The other night brother Abe, founder of Deep Web Technologies, and I were having a conversation about the term “federated search.” Abe told me about an article published in New Idea Engineering titled “What’s in a name: Federated Search.” Author Miles Kehoe also ran into a customer who believed that federated search meant the searching of content that had been “federated” into a single index and searched from the one index. Specifically, Kehoe wrote:
“… our customer – whose search team is staffed with equally bright folks – were of the opinion that a federated search meant that content from a number of different data stores would be indexed into a single search index, where users could enter queries and see results from all of the data stores would come from that one master index.”
I thought, “Gee, that’s interesting. Why is he telling me this? Kehoe’s experience with his customer must be unique.” Then Abe shared with me that he was at a conference a while back in which someone he was talking to had the same impression. Abe explained to the person that the term was most commonly used to refer to searching for content that was simultaneously accessed from multiple sources, with multiple indexes powering the search engines from the different sources whose content was being federated.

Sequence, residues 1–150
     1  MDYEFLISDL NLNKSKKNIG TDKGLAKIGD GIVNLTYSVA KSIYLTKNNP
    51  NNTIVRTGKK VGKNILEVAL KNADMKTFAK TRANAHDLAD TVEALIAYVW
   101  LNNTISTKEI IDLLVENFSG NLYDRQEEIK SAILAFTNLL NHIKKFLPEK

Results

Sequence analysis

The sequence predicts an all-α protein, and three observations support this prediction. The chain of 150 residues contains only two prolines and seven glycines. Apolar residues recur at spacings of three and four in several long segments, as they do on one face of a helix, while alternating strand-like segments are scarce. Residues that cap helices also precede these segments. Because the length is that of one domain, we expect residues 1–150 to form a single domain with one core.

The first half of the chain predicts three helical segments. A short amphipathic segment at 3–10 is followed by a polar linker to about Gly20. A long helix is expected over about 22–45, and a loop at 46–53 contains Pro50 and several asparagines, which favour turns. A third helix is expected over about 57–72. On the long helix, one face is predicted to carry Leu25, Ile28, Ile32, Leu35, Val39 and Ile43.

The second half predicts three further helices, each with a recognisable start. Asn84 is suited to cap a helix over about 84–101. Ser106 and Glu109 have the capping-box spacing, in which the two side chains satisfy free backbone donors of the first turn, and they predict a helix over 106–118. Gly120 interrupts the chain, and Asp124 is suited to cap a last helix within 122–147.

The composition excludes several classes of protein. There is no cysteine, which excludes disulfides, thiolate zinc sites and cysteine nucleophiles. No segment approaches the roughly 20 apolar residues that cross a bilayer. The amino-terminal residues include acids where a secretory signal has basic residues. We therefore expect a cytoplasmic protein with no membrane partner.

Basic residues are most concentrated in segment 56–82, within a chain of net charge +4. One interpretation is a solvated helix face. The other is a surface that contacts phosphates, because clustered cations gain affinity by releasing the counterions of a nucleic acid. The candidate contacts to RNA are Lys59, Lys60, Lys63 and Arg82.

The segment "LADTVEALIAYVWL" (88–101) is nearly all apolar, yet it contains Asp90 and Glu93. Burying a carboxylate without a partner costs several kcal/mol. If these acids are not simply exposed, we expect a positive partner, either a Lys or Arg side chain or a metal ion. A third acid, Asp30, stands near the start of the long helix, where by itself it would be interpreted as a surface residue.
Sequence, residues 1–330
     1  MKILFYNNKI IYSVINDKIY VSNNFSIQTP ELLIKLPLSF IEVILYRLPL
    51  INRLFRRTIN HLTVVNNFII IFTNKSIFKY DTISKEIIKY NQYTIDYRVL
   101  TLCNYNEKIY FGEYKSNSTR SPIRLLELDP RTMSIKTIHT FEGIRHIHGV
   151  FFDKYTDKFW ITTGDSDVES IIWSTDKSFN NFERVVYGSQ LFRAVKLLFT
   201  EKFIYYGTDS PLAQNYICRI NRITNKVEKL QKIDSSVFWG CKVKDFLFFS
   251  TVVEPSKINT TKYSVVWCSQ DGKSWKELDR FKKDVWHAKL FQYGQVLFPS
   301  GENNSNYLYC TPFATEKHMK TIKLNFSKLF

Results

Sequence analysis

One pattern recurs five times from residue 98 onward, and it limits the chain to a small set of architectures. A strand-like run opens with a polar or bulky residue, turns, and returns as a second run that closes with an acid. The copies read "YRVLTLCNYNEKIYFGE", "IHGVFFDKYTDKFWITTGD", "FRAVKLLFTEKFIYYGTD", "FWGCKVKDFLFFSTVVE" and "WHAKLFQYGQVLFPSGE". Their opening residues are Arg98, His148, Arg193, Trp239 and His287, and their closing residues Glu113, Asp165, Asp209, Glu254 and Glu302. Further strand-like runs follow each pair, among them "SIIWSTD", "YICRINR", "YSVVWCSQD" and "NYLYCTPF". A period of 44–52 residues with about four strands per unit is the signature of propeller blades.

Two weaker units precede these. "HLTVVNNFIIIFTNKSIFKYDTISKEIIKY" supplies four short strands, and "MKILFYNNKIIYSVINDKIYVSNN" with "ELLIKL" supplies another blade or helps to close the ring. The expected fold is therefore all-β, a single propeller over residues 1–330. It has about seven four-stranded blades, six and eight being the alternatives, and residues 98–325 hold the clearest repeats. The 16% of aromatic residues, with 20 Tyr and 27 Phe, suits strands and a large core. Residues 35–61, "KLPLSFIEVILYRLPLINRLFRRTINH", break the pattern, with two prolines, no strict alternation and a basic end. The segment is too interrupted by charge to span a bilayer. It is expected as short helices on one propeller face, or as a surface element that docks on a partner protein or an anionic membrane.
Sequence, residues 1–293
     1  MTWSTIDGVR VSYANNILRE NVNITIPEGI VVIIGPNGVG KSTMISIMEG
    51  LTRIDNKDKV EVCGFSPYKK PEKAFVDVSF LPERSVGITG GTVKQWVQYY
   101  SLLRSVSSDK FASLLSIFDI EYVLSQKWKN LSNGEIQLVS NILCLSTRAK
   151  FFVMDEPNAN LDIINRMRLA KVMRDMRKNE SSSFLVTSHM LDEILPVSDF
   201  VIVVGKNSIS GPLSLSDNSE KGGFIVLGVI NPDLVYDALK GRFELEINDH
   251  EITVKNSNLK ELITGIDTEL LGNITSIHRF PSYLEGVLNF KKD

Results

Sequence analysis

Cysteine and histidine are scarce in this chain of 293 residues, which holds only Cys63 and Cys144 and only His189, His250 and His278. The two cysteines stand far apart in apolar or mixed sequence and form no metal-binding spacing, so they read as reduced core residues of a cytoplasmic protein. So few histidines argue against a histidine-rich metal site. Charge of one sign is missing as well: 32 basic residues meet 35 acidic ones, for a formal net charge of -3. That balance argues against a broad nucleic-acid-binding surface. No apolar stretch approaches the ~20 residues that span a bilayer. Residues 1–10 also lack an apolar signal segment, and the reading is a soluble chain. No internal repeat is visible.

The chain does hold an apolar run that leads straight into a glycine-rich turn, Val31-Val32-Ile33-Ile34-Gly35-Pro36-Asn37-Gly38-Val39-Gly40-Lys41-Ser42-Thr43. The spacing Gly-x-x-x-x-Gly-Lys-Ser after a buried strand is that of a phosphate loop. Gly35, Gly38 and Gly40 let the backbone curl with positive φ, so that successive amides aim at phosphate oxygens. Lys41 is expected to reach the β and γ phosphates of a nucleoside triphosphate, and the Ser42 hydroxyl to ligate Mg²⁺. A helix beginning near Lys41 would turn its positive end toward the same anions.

The distinction, of course, is crucial. If you’re meeting with a potential customer who believes you’re discussing an approach where all content is harvested, indexed and accessed from one source but you think you’re discussing live search of heterogeneous sources then you’re talking apples and oranges.
I spent some time Googling for other stories of confusion over the term’s meaning but couldn’t turn up any interesting references. So, either this confusion isn’t widespread or it’ll take someone more clever than myself to find examples on the web.
Have any of you run into this particular confusion? Do share.